At times, it may seem that time waits for a woman to get dressed, but when it comes to conference talks, the chair will give you a dressing-down if you exceed your time.
The chair of your session HAS to keep to time. Tea breaks don’t wait; the start of a session in another conference room does not wait; the line of speakers for the morning or afternoon session cannot be compressed to compensate for the talkative few who did not keep to their time allotment.
Running late in a talk usually starts a cascade of events resulting in the destruction of hours of carefully planned preparation. When the presenter discovers that half the slides still need to be presented minutes before the end, panic sets in with the following disastrous effects:
1) No more smooth transition between slides. The narration at the beginning of each slide is cut short to a skimpy “and next”, “and here”.
2) The graphics that featured your results get the rushed treatment. The X and Y axis are not even mentioned, you frantically wave the red dot of the laser pointer on one or two peaks or valleys on your bar diagram and skip many of the details that were essential to understand the diagram.
3) By now, no more eye contact with the audience. Your eyes are on the screen full time.
4) Layers of information flash in front of the dazed audience as you click through them at a speed that prevents understanding. The audience can no longer keep in sync with what they see and what they hear.
5) Your conclusion slide is read. The nice closing statement you had planned for your big confident finish eye to eye with the audience never even made it past your lips.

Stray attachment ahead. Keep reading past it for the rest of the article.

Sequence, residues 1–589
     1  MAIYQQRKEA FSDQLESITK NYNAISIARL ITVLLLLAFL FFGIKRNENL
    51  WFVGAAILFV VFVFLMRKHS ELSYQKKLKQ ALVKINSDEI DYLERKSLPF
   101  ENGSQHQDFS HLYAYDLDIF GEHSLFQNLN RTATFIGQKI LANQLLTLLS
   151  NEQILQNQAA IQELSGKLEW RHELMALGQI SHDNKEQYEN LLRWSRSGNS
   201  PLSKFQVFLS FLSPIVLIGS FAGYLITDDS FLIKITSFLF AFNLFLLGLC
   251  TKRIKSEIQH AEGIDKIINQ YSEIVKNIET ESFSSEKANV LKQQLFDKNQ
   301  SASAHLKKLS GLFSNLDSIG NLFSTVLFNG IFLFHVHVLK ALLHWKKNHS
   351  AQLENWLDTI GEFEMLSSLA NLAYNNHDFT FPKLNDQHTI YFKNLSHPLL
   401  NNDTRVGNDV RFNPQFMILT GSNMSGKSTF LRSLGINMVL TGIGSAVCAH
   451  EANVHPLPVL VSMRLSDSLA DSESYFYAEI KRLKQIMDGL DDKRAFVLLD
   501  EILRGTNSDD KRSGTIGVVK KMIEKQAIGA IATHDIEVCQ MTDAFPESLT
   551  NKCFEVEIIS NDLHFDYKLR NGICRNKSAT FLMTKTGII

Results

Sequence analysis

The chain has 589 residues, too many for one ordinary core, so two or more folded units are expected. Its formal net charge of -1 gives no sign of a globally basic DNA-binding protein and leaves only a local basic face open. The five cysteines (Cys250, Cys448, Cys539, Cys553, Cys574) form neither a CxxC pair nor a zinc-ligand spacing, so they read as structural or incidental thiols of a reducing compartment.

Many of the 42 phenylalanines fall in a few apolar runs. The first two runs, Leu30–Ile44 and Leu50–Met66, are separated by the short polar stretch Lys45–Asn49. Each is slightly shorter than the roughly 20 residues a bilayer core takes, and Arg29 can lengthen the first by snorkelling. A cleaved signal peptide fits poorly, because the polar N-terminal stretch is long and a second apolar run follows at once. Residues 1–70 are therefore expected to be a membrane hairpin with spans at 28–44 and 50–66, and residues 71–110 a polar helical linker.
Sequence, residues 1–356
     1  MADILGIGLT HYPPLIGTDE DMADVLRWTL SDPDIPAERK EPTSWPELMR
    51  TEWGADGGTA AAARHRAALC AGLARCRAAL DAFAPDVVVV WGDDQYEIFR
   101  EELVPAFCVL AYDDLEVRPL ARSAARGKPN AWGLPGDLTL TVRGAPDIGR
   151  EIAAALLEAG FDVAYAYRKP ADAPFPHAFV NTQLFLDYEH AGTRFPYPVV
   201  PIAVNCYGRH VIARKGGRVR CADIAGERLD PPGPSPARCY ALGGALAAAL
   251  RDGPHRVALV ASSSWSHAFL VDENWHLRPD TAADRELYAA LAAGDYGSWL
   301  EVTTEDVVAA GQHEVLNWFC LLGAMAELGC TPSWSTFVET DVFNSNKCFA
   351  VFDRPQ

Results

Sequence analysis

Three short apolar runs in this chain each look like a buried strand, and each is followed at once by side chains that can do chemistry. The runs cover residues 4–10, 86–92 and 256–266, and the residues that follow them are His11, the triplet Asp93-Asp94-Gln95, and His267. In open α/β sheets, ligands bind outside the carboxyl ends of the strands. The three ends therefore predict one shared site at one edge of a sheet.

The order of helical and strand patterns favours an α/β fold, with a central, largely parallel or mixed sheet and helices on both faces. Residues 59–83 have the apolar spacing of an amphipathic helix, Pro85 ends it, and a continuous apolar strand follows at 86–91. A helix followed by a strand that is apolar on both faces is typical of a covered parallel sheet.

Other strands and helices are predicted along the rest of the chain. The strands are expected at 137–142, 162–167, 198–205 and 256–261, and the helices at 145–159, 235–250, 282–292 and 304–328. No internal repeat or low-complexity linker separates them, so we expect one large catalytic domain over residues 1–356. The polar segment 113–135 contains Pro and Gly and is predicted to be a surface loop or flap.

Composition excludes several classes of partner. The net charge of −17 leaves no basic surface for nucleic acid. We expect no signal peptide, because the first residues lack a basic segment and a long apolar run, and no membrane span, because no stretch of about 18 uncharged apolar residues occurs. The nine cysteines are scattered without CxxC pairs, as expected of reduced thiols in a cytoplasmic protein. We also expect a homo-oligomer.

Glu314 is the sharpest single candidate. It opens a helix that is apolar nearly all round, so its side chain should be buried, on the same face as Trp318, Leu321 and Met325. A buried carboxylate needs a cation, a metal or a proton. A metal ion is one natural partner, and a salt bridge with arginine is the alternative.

The overall result:
• No time for questions
• No questions from the shell-shocked audience bombarded with words.
• Nobody interested to network with you, not after the way you treated your audience.
In short: TOTAL DISASTER.
So how do you control time?
Rehearse so that you end 30 seconds before the time you were given for your presentation.
Over-rehearse what you say at the beginning and at the end to avoid time-wasting rambling and project a dynamic image of yourself.
Decide how much time each slide deserves and adjust the content of any slide that requires more time than you can afford.
Stage the slide content in layers to explain better AND faster AND in a more structured way.
Use timers for rehearsal or during the presentation. Some presentation remotes have built-in timers that vibrate when you are close to finish. While I present, I place my large screen iPad Pro on a seat in the front row to display the remaining time thanks to a nifty timer app named pClock.
I am also working on a new timer app which will be given to the people who attend my presentation skills class.